Living with cancer blog
Prostate cancer screening — a new model for the future?
By Sheryl M. Ness, R.N. July 21, 2012
I've been tracking the latest news and opinions on prostate-specific antigen (PSA) testing used to screen for prostate cancer. I'm sure many of you are curious about the new recommendations that have been announced.
In June 2012, the U.S. Preventive Services Task Force recommended against routine PSA testing to screen for prostate cancer. The recommendation doesn't apply to men diagnosed with prostate cancer and under observation for progression or recurrence.
This topic remains controversial, but is based on the fact that PSA testing hasn't been proven to decrease deaths from prostate cancer. The main concerns noted are false-positives, overdiagnosis and overtreatment.
The PSA test isn't perfect, and can be elevated for other medical reasons. Researchers have also found that many low-risk (less aggressive, slow growing) prostate cancers can be simply observed for a period without needing aggressive treatment from the start.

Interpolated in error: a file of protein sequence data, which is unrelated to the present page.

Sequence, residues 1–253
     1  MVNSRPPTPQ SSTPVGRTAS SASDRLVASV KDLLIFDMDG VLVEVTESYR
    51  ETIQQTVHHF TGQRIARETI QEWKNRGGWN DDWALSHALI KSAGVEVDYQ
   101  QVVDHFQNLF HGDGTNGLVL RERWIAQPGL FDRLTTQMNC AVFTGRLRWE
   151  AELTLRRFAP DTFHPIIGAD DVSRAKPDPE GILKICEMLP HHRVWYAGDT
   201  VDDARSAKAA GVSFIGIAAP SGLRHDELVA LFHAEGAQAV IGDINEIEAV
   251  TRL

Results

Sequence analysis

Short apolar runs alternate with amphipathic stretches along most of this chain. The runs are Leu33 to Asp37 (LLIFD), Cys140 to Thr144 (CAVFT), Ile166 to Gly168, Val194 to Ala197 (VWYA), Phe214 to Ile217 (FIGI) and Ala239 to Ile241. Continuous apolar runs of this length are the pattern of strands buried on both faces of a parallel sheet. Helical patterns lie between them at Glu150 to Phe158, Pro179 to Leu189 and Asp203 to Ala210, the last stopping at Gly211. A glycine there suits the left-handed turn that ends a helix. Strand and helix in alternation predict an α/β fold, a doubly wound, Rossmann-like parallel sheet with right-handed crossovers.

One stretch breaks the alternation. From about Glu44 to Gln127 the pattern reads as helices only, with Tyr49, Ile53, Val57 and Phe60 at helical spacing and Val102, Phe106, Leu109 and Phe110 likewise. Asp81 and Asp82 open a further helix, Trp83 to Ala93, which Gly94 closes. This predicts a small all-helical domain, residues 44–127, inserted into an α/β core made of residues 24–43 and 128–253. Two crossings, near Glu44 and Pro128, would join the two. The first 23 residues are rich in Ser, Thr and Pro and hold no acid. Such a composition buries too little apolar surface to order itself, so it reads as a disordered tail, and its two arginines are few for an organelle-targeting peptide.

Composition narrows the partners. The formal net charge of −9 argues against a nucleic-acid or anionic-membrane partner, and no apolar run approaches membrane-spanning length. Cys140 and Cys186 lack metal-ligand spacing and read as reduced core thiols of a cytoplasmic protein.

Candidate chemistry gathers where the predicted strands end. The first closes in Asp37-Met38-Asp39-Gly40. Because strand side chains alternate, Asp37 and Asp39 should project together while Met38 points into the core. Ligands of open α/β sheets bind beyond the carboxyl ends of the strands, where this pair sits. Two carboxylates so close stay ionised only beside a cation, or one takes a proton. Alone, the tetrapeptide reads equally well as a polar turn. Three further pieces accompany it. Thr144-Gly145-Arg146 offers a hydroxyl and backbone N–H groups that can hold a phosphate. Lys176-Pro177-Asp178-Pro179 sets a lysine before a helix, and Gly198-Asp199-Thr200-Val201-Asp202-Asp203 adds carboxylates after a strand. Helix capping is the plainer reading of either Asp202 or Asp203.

All of this means that it's important to take the time to decide if you want to be screened or not depending on your personal history and choice. The scientific community agrees that a new way to screen and test for prostate cancer is needed. Meantime, talk with your doctor about what's best for you.
Mayo Clinic urologists recommend a personalized approach as men consider the benefits and risks of PSA screening. Prostate cancer is a leading cause of cancer in men. Therefore, it's still important to consider screening for those at high risk of developing cancer.
Mayo Clinic specialists recommend a discussion about PSA screening starting at age 40:
- If your personal or medical history places you at higher risk (strong family history of prostate cancer)
- If your ethnicity puts you at risk (African ethnicity has the highest risk)
- If you have a life expectancy of at least 10-15 years (the benefits of screening decrease with age)
What's your opinion on this topic?
July 21, 2012
Sheryl M. Ness, R.N.